The delights of the early autumn woods are not limited to the reddening leaves. The mosses and lichens are also putting on a show, a miniature one, as they send up their oddly shaped reproductive structures, containing spores, that look as though they are waving in the breeze. (Please click on an image to enlarge and see a slide show of all the photos, which are much more wonderful when you can see the details.)
Some lichen have cup shaped structures, and are called, appropriately Pixie Cup lichen. The fruiting bodies are very small, maybe 1/2 inch high, so to photograph them I am usually down on my stomach, peering into what becomes for me a new way of seeing; the world is encompassed in a square foot space, in which there seems to be as much incident as in a square mile.
Some mosses also have fruiting bodies, here in delicate red filaments paying homage to a fallen leaf.
In this photo there are the fruiting bodies of mosses––those small threads topped with a bulbous form almost like a dressmakers pin––and of a fungus, because of course, mushrooms, which contain spores, are the fruiting bodies of fungi.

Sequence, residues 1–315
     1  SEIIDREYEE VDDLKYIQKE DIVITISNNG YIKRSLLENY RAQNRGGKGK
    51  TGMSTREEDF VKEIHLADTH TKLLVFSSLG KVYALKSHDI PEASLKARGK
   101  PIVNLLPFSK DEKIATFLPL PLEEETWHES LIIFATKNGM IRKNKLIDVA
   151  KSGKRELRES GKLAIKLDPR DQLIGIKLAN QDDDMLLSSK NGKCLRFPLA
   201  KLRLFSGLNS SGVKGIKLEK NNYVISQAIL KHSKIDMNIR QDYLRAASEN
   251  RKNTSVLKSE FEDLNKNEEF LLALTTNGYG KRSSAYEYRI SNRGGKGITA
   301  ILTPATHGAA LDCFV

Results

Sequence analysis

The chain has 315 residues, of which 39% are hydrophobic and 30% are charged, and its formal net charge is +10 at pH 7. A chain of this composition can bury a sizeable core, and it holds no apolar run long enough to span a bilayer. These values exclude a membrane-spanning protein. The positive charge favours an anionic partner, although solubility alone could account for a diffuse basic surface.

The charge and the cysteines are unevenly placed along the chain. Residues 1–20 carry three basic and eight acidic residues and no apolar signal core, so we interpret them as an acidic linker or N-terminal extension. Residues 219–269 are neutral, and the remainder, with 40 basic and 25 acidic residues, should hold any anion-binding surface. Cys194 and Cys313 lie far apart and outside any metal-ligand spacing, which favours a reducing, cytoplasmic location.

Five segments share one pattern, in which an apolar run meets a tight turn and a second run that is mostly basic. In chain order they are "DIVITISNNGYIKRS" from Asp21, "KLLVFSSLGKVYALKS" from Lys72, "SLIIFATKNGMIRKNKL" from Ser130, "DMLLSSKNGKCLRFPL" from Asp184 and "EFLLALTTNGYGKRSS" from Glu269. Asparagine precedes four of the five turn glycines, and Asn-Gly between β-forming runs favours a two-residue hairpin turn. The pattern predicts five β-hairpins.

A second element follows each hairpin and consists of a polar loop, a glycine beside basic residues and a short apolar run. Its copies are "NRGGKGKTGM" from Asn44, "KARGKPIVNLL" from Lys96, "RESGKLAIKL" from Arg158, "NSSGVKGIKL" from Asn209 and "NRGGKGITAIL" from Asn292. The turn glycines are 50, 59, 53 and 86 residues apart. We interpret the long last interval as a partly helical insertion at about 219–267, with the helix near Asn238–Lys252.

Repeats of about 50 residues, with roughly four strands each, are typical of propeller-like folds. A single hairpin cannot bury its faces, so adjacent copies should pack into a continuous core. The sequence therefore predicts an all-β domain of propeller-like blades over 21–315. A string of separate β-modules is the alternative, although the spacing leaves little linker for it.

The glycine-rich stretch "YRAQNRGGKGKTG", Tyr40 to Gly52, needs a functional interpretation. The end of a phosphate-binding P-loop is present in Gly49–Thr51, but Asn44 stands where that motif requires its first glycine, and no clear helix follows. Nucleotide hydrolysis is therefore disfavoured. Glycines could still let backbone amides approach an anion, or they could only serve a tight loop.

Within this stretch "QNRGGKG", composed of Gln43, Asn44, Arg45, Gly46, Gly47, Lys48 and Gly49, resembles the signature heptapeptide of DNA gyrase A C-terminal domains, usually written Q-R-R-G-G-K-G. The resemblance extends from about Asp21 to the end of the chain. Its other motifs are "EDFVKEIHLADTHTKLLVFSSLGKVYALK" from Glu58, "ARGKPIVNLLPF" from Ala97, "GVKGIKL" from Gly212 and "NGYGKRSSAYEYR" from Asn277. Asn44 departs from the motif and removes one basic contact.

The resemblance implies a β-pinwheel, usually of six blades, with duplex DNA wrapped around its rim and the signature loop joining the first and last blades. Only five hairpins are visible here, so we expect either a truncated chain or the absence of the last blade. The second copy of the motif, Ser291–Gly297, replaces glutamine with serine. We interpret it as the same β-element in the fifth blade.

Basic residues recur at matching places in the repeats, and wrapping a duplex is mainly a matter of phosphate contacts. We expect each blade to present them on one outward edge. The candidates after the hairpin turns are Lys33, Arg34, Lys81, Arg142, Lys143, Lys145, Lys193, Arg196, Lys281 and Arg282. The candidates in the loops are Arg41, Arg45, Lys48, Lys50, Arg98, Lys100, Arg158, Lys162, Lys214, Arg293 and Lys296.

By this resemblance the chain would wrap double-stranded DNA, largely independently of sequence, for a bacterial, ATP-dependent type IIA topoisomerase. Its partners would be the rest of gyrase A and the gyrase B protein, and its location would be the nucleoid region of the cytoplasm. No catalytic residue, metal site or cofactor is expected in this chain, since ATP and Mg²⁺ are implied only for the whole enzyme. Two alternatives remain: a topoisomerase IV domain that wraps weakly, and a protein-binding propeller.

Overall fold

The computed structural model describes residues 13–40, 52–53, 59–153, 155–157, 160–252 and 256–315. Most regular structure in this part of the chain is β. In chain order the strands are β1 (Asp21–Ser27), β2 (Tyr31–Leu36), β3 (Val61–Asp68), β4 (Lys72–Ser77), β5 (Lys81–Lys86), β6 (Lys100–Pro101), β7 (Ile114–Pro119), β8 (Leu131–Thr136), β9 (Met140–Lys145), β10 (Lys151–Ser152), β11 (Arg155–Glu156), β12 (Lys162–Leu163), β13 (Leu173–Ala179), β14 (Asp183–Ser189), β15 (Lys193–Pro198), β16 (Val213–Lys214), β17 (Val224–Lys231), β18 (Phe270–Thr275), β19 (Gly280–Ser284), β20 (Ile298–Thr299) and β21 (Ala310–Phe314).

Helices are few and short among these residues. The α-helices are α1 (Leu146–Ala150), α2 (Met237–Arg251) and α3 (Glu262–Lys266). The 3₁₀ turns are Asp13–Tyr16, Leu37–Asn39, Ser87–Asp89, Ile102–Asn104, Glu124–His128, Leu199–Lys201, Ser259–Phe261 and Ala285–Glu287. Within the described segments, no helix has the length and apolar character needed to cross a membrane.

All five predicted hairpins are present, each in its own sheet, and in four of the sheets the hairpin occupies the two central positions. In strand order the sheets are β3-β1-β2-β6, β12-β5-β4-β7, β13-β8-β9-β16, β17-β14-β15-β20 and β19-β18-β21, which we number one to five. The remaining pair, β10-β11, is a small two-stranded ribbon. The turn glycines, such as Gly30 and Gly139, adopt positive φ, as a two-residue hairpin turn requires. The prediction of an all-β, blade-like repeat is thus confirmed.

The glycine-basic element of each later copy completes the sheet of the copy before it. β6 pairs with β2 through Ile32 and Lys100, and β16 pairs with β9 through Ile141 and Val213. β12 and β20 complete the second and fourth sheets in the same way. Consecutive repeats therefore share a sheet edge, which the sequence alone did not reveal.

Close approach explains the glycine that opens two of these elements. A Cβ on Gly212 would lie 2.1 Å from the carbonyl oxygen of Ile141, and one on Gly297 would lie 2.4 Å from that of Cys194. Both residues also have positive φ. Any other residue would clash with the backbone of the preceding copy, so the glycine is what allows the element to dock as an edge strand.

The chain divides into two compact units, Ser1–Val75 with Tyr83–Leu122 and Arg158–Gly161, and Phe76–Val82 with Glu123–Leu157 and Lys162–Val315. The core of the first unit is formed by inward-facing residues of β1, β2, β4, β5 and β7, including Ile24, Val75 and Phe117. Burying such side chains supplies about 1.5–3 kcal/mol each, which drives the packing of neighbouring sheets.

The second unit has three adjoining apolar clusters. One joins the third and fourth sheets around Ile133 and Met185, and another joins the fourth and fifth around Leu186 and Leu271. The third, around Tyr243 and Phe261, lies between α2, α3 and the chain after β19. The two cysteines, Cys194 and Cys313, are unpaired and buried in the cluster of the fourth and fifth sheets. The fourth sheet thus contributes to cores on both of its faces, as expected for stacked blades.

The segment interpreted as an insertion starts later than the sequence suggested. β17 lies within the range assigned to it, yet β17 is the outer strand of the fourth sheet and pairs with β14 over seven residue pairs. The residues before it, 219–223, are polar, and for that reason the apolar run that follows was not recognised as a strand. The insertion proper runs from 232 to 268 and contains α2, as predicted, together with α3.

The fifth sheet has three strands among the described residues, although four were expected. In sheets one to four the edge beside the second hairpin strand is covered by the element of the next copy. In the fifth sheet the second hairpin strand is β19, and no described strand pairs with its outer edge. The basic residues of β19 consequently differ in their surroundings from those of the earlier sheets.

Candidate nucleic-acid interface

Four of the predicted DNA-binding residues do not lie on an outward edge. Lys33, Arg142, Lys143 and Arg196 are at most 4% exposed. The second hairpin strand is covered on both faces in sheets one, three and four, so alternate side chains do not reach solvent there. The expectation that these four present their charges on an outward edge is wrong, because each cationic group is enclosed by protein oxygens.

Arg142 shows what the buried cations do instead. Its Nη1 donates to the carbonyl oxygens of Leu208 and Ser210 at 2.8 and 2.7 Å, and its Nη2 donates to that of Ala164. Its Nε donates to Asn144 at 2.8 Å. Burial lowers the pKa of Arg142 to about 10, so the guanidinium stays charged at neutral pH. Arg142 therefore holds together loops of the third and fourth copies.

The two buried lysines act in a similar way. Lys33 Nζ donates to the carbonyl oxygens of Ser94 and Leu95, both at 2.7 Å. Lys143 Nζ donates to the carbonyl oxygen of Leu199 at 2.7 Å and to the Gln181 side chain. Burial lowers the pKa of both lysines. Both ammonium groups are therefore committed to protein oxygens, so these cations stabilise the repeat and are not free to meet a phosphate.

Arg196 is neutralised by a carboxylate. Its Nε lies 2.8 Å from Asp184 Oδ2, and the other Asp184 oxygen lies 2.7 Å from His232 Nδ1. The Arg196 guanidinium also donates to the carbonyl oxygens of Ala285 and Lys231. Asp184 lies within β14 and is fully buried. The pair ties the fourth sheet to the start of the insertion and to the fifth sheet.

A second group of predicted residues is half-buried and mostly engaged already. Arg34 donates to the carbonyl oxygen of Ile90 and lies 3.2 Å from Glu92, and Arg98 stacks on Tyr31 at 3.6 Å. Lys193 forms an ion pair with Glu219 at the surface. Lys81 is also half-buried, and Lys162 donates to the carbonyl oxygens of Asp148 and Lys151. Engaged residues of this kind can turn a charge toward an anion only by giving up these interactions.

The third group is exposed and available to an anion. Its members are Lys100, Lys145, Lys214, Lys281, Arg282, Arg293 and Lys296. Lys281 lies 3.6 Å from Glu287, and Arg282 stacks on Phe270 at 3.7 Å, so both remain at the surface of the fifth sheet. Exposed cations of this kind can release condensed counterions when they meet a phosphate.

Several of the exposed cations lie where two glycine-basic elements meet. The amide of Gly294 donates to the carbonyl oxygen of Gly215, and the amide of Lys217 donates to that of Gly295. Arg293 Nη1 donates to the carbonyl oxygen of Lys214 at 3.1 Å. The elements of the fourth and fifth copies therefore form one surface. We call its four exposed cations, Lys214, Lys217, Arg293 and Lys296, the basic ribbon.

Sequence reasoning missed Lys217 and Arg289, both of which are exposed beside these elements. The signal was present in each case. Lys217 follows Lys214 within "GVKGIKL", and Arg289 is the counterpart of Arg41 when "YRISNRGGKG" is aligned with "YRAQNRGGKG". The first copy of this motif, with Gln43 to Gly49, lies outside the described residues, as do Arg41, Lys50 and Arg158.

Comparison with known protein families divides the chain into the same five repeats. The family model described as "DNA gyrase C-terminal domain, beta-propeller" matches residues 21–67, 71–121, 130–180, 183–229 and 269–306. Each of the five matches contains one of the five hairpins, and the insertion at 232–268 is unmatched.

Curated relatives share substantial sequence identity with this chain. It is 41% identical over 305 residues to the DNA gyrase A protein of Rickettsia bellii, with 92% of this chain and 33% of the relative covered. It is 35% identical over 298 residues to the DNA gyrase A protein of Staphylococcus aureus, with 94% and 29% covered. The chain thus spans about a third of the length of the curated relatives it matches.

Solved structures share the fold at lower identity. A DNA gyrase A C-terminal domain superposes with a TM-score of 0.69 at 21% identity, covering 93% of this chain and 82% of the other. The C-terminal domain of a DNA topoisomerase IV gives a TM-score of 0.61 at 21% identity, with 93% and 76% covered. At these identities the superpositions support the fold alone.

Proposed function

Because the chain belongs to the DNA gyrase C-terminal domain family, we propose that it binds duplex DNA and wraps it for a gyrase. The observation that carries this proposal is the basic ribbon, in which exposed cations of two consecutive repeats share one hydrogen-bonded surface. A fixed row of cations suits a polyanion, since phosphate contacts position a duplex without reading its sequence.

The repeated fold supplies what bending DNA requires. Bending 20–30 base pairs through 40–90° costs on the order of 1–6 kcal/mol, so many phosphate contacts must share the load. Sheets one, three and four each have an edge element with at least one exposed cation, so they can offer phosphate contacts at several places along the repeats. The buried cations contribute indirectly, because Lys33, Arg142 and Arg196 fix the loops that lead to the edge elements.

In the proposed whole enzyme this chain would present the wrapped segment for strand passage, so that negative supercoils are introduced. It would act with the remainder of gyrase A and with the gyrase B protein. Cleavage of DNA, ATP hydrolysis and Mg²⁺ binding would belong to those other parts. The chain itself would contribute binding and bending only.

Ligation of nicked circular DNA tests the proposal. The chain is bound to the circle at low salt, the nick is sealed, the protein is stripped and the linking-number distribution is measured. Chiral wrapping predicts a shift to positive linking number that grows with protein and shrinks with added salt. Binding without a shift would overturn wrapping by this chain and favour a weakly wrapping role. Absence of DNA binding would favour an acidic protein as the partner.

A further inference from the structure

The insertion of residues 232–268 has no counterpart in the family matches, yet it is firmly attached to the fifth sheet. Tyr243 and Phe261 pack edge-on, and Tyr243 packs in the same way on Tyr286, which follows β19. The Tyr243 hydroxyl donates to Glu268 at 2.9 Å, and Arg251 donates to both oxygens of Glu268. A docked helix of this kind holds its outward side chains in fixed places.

I love the orange jelly mushrooms, which look as though they are squeezing out of the wood; their translucent brilliant color is very eye catching.
Small puffballs are also popping up in the woods, and large ones on my lawn; matter of fact, I had a puffball sauteed in butter with lunch today, delicious!
And finally, my most exciting fruiting body find in a long time. These brilliantly colored small mushrooms (the stick they are on is about 2 1/2 inches in diameter) are the Violet toothed polypore. It was a thrill to see them since I'd never seen anything like this color before. There is always something to discover in the woods. As John Cage wrote
One shouldn't go to the woods looking for something, but rather to see what is there.